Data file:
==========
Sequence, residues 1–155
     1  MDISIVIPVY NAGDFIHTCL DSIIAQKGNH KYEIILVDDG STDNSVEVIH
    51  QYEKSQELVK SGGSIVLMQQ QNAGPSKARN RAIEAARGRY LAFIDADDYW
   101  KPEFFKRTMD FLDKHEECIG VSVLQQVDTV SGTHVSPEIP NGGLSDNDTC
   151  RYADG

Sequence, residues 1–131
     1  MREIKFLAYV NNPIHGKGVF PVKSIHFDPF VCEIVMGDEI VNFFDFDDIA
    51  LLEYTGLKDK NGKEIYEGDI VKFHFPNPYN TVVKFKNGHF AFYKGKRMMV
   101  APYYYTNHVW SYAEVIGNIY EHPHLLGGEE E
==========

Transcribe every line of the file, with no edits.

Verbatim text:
Sequence, residues 1–155
     1  MDISIVIPVY NAGDFIHTCL DSIIAQKGNH KYEIILVDDG STDNSVEVIH
    51  QYEKSQELVK SGGSIVLMQQ QNAGPSKARN RAIEAARGRY LAFIDADDYW
   101  KPEFFKRTMD FLDKHEECIG VSVLQQVDTV SGTHVSPEIP NGGLSDNDTC
   151  RYADG

Sequence, residues 1–131
     1  MREIKFLAYV NNPIHGKGVF PVKSIHFDPF VCEIVMGDEI VNFFDFDDIA
    51  LLEYTGLKDK NGKEIYEGDI VKFHFPNPYN TVVKFKNGHF AFYKGKRMMV
   101  APYYYTNHVW SYAEVIGNIY EHPHLLGGEE E